Every day we wake up, and conversations begin to flow. “How can it be 7 am? I feel like I’ve been hit by a truck!”, “Sweetie, did you sleep well?”, “That 10 o’clock meeting is going to be brutal.” “I better get my butt in gear.”

Like fish in water, we are humans in conversation. Without effort through language, we make assumptions and judgments, decide who and what is good and bad, make promises and dream about our futures.

Our conversations pretty much run on auto-pilot until they don’t. And when they go awry we just as effortlessly go on tilt. “How could he have done such a stupid thing!”, “ Why on earth would a boss behave that way? Doesn’t he know better?”, “This situation is only going to get uglier.”, “I am totally screwed!”

Our conversations are what makes the world go around, yet beyond grammar, we are not taught the fundamentals of how and why they work or don’t. Most of the time we are “sleep talking.” When was the last time you consciously thought about a conversation that concerned you? What tools did you have at your disposal to reflect, understand, dissect your thoughts, reactions and emotions?

It turns out there are some important distinctions about language and conversations that aren’t all that easy to find much less apply. In my upcoming book, “Conscious Conversations,” I have gathered a set of practical and profound ideas that can move our conversations out of auto-pilot mode into a fresh enlightening look at ourselves and our interactions with others.

In this post, I am going to present one simple yet radical distinction about language that is a foundation for waking up in conversation. As with all new learning, it takes a dash of courage and curiosity to shine a light of awareness on our thinking and relational patterns. I like to use the word patterns because it is a good way to start owning our words with less judgment.

The way we engage in conversation reflects an endless supply of deeply rooted patterned thinking that we mostly adopted from the moment we were born. Firmly entrenched beliefs about how the world should be according to our family, culture, teachers, friends, and every single interaction we had. Like it or not, we did not choose most of what we cherish as the right vs. wrong, good vs. evil, and pretty vs. ugly.

These cherished beliefs mostly manifest as our personal opinions and more than we like to believe, we hold them and speak them as the truth. We only have to have an honest peek at the recent election, where strongly held opinions broke up friendships and families. “How can they vote for Trump, he is such an idiot!”, “Why on earth would you listen to Hillary? She is crooked like no other politician!” The fundamental problem with these conversations is that we are hooked and addicted to our beliefs and worse yet, we hold them as the Truth and find ourselves in battle. I am not suggesting that we give up our values or our passions, but I am suggesting that our thinking and conversations can dramatically change when we make the simple distinction between opinions and facts.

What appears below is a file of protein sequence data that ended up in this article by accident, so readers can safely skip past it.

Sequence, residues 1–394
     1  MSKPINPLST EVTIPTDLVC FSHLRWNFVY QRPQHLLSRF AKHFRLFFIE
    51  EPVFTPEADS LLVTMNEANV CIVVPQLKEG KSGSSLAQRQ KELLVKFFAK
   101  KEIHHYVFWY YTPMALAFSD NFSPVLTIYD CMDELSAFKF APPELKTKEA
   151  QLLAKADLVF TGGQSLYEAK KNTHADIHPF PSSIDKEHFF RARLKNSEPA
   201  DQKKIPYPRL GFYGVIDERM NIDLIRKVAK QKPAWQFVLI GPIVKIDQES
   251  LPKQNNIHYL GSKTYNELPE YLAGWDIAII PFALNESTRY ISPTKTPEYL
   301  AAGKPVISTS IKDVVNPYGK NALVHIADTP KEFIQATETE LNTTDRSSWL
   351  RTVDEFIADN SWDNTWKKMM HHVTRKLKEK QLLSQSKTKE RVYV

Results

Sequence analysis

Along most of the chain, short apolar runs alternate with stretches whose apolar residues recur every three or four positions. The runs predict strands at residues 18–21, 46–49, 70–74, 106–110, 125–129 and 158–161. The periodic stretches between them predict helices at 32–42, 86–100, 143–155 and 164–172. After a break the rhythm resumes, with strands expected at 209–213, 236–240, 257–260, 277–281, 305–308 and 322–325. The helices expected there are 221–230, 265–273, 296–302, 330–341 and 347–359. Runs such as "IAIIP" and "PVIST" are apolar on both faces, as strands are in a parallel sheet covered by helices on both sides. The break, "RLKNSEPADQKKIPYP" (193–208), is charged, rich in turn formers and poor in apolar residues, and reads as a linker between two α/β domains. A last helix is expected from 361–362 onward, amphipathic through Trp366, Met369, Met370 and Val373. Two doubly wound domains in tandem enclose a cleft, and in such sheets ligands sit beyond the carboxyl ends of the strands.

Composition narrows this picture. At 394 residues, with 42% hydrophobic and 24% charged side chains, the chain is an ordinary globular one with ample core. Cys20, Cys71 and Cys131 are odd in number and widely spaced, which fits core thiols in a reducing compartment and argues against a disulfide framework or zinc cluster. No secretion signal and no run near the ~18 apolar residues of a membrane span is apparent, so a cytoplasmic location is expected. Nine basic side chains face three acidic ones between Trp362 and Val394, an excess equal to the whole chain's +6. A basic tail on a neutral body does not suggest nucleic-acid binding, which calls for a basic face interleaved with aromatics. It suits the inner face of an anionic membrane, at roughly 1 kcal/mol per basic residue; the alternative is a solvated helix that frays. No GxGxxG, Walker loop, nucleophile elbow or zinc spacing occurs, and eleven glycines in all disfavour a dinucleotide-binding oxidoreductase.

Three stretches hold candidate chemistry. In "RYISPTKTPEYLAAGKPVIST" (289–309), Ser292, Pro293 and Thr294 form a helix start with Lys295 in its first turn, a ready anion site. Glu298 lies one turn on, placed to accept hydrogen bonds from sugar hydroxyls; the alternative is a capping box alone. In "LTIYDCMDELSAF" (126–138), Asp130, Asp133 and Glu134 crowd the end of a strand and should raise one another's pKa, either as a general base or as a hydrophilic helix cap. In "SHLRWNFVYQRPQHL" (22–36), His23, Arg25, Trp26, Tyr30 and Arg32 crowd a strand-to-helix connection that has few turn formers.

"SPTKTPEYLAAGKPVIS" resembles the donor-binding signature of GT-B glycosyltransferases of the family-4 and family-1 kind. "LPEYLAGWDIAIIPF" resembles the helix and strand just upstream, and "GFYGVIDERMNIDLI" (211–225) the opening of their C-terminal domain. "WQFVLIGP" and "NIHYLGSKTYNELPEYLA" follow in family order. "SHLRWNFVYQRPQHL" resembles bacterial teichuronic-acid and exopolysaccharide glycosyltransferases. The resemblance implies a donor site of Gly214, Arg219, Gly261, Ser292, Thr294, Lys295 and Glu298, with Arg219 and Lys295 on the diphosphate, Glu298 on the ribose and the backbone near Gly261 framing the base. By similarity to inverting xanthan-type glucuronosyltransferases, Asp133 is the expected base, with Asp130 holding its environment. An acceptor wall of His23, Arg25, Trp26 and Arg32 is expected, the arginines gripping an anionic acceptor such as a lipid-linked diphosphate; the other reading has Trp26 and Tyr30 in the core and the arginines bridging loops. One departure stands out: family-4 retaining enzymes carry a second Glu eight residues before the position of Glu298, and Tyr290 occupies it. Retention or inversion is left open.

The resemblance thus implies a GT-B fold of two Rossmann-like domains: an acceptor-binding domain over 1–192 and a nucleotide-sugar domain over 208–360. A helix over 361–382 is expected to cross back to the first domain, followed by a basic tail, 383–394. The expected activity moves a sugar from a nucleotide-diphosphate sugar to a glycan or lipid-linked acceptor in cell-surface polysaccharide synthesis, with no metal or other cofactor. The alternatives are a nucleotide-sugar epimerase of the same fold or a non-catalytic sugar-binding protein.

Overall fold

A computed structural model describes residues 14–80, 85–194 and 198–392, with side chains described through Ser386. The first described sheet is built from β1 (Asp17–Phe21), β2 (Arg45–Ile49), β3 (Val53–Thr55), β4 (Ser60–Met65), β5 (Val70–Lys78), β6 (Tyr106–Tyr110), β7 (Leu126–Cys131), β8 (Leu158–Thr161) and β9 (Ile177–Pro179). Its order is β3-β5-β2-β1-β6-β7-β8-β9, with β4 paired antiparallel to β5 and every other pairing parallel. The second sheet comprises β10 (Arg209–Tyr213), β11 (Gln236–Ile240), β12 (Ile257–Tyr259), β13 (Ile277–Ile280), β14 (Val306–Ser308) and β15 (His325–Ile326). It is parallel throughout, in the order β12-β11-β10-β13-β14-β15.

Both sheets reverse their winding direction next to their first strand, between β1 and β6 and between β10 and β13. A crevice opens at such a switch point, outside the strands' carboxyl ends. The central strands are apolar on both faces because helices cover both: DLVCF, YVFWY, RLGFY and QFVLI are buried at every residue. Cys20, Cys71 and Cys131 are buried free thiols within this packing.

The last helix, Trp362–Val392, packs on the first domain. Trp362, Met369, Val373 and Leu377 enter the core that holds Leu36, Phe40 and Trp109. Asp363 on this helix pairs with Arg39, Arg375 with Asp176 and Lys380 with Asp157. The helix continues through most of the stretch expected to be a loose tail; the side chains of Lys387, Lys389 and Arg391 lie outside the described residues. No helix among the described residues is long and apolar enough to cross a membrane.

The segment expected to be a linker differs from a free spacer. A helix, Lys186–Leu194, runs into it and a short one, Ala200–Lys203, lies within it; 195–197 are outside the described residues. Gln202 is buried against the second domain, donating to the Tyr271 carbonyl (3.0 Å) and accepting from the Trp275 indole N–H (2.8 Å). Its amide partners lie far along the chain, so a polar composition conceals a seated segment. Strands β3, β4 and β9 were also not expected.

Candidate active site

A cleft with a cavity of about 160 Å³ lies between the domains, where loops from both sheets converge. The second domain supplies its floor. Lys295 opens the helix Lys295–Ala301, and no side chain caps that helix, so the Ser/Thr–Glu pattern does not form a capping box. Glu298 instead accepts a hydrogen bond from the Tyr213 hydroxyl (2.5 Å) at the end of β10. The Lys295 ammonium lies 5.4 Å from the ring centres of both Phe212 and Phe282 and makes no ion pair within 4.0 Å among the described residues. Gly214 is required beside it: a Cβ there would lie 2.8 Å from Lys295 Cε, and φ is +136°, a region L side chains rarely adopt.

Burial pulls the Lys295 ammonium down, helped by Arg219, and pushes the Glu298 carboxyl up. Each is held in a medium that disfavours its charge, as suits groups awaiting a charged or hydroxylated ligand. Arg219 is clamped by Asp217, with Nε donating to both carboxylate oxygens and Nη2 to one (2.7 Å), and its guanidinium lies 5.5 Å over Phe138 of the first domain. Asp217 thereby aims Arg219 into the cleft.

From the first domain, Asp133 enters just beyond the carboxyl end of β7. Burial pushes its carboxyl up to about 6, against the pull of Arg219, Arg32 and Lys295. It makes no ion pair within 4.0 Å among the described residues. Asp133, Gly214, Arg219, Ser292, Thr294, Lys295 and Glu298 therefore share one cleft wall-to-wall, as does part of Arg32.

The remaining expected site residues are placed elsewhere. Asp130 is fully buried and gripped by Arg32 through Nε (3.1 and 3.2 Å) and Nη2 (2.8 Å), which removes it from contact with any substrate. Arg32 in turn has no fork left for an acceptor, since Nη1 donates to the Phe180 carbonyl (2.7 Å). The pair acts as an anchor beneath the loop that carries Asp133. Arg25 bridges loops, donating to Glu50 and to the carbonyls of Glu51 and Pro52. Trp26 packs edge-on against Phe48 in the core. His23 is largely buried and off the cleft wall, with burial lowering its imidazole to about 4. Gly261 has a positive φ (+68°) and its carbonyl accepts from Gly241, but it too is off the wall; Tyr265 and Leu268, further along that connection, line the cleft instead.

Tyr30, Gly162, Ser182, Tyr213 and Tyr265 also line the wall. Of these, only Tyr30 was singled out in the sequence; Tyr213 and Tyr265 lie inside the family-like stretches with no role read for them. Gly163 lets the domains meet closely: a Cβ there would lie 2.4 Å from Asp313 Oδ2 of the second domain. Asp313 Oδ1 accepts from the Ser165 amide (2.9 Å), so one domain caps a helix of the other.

The unfolding nightmare around “fake” news is built on this fundamental error of human listening. Our ears miraculously take in information and without any effort, our faster than lightning brains connect the dots of our beliefs and create a story. A story which makes perfect sense to us (after all it aligns with everything we hold dear) and we react emotionally, all too ready to defend our position. Our patterns hold us hostage.

To undo these patterns, we need to wake up and become aware of our them. We can create a personal practice of noticing and noting in conversation the basics of the stories we tell. What is fact and what is fiction? Sounds easy, but it takes energy and courage to face this important distinction. I find it helpful at first to begin to notice your friends’, family’s, and colleagues’ patterns of reacting and defending their strong opinions. It is so much easier to see other people’s foibles rather than our own!

So let the journey of waking up in conversation begin. Be kind to yourself. Notice your patterns and gently wonder about them. “Where did I adopt that belief? Is that an opinion that I need to defend? What facts might help me shift my assumptions or assessments?” Enjoy the process of discovering yourself in conversation.

Next post I will talk about the stories we tell.
Thanks for reading and all feedback welcome!